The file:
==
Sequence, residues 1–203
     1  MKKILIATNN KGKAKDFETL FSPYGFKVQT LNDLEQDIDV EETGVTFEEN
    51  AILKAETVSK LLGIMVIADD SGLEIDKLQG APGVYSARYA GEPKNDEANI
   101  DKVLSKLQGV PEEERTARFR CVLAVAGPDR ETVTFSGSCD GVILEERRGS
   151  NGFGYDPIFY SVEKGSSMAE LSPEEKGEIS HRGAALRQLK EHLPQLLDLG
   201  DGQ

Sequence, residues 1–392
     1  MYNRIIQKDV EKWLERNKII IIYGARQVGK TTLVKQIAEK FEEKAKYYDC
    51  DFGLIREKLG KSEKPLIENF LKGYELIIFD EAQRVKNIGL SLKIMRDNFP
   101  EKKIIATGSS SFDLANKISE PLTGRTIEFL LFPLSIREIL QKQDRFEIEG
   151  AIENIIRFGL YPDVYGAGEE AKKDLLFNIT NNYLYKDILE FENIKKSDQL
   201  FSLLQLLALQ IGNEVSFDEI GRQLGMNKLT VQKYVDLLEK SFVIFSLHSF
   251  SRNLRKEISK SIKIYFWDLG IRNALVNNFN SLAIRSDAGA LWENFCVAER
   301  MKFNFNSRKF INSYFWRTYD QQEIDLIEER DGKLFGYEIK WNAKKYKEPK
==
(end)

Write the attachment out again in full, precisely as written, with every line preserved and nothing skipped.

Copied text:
Sequence, residues 1–203
     1  MKKILIATNN KGKAKDFETL FSPYGFKVQT LNDLEQDIDV EETGVTFEEN
    51  AILKAETVSK LLGIMVIADD SGLEIDKLQG APGVYSARYA GEPKNDEANI
   101  DKVLSKLQGV PEEERTARFR CVLAVAGPDR ETVTFSGSCD GVILEERRGS
   151  NGFGYDPIFY SVEKGSSMAE LSPEEKGEIS HRGAALRQLK EHLPQLLDLG
   201  DGQ

Sequence, residues 1–392
     1  MYNRIIQKDV EKWLERNKII IIYGARQVGK TTLVKQIAEK FEEKAKYYDC
    51  DFGLIREKLG KSEKPLIENF LKGYELIIFD EAQRVKNIGL SLKIMRDNFP
   101  EKKIIATGSS SFDLANKISE PLTGRTIEFL LFPLSIREIL QKQDRFEIEG
   151  AIENIIRFGL YPDVYGAGEE AKKDLLFNIT NNYLYKDILE FENIKKSDQL
   201  FSLLQLLALQ IGNEVSFDEI GRQLGMNKLT VQKYVDLLEK SFVIFSLHSF
   251  SRNLRKEISK SIKIYFWDLG IRNALVNNFN SLAIRSDAGA LWENFCVAER
   301  MKFNFNSRKF INSYFWRTYD QQEIDLIEER DGKLFGYEIK WNAKKYKEPK